Corsair Flash Voyager GTX 128GB Review

👤by David Mitchelson Comments 📅16-07-14
Test Setup & Methodology

Test Setup

USB 3.0

The Maximum theoretical bandwidth of USB 3.0 is 5Gbps (625 MB/s); under the most common data encoding parameters this figure drops to ~400MB/s, still dwarfing the spec limits of the majority of USB 3.0 thumb drives. Though the absolute maximum data transfer rate for the drive under reasonable conditions is generally of primary importance, it's also sensible to monitor sequential performance which is regarded much more rigorous.

Up against the Voyager GTX we have Samsung’s S2 Portable 3 and Sandisk’s ExtremePRO – two other USB 3.0 flash drives. This comparison helps to demonstrate how a reliable, popular and affordable USB 3.0 drive competes against Corsair’s current fastest USB storage device.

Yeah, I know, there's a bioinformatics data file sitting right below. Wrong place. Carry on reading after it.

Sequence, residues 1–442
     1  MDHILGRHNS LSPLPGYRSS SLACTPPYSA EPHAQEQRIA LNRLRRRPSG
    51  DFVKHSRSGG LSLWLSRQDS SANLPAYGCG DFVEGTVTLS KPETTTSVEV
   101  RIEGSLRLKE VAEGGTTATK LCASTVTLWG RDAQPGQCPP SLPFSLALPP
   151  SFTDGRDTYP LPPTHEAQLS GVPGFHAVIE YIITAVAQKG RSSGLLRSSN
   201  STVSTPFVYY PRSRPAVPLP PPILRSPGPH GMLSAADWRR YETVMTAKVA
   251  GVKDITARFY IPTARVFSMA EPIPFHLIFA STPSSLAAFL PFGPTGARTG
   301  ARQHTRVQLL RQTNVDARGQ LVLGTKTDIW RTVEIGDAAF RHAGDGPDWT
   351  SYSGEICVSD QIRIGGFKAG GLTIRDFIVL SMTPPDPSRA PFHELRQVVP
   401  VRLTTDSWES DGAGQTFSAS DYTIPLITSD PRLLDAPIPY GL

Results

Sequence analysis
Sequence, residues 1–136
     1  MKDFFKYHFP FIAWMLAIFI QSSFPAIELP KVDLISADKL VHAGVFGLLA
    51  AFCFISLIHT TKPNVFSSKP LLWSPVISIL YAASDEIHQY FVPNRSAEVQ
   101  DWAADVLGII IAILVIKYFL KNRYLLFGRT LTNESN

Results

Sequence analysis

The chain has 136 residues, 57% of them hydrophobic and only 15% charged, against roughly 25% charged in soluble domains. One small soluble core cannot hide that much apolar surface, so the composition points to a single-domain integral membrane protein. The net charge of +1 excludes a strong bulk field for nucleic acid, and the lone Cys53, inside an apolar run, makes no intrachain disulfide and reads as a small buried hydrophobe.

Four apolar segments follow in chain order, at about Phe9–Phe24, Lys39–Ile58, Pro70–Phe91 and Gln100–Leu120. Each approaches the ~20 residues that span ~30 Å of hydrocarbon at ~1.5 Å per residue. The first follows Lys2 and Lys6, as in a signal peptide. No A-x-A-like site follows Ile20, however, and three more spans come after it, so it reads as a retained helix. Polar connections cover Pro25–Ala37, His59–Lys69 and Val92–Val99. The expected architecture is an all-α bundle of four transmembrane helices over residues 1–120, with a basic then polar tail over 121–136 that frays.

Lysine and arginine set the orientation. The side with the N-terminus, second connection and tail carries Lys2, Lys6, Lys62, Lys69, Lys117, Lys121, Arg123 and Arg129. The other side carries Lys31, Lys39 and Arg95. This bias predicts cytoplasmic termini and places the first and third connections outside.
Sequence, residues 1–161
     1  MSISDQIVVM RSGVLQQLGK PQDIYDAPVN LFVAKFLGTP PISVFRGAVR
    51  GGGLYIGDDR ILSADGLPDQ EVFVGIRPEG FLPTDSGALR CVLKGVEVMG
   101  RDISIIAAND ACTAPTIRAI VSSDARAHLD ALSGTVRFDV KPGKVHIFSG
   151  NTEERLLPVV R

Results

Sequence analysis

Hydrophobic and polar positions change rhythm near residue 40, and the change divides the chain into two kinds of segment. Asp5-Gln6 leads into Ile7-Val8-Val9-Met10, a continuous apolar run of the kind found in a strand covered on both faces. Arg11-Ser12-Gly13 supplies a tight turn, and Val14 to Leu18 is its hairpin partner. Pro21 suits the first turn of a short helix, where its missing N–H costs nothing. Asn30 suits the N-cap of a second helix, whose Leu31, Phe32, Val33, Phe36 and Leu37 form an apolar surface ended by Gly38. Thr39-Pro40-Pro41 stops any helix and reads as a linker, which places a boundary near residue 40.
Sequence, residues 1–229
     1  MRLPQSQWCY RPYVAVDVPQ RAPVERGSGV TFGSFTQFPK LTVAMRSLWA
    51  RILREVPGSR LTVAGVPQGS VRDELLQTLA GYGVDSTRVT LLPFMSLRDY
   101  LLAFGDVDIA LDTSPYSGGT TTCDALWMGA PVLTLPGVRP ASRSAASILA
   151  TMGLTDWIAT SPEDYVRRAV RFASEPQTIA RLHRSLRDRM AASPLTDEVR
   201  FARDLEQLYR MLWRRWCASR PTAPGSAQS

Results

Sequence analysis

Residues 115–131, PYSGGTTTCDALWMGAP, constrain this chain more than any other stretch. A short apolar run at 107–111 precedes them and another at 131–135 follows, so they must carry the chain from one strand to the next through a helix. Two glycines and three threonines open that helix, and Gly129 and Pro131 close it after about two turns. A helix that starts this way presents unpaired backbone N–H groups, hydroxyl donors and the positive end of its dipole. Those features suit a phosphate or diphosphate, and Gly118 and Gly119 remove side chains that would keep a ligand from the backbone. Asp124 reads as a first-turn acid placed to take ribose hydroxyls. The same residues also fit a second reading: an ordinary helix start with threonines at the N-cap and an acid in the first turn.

Since Windows 7 does not natively support UASP, results using this operating system can be somewhat restricted. ASUS motherboards unlock UASP via ‘USB 3.0 boost’ as part of AiSuite 3 – we will therefore test both standard and boost performance using Windows 7.

Testing Notes:-

1. Poorly configured or malfunctioning USB 3.0 ports may not recognise USB 3.0 devices, but still work in USB 2.0 mode for USB 2.0 devices. Do not assume that the drive is at fault if this occurs, especially if other USB 3.0 devices have yet to be tested.

2. For reasons unknown, some USB 3.0 ports may be limited to ~135MB/s read/write operation. Though not an issue for most drives, external USB 3.0 SSD enclosures and flash drives which are capable of greater speed will suffer.

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